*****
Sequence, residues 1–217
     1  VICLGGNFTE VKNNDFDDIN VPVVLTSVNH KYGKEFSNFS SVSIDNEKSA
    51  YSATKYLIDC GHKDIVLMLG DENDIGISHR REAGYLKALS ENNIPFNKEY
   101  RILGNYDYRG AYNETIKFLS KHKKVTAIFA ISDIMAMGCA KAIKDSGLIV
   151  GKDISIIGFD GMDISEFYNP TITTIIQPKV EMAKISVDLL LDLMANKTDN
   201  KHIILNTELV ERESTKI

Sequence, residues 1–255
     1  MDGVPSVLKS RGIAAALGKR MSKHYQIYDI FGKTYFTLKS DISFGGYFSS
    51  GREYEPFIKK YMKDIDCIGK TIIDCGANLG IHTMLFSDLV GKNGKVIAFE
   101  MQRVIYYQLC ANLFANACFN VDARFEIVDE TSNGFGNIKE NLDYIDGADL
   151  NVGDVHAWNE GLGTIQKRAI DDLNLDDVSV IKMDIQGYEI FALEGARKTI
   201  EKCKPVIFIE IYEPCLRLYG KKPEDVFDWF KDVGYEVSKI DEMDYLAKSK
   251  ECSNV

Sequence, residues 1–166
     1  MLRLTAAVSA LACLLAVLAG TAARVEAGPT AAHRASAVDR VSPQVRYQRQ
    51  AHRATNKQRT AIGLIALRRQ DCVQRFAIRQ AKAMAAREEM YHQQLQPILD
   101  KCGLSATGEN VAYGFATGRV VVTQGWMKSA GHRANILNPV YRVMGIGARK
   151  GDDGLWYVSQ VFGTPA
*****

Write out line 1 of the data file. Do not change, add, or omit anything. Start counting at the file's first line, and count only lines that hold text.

Sequence, residues 1–217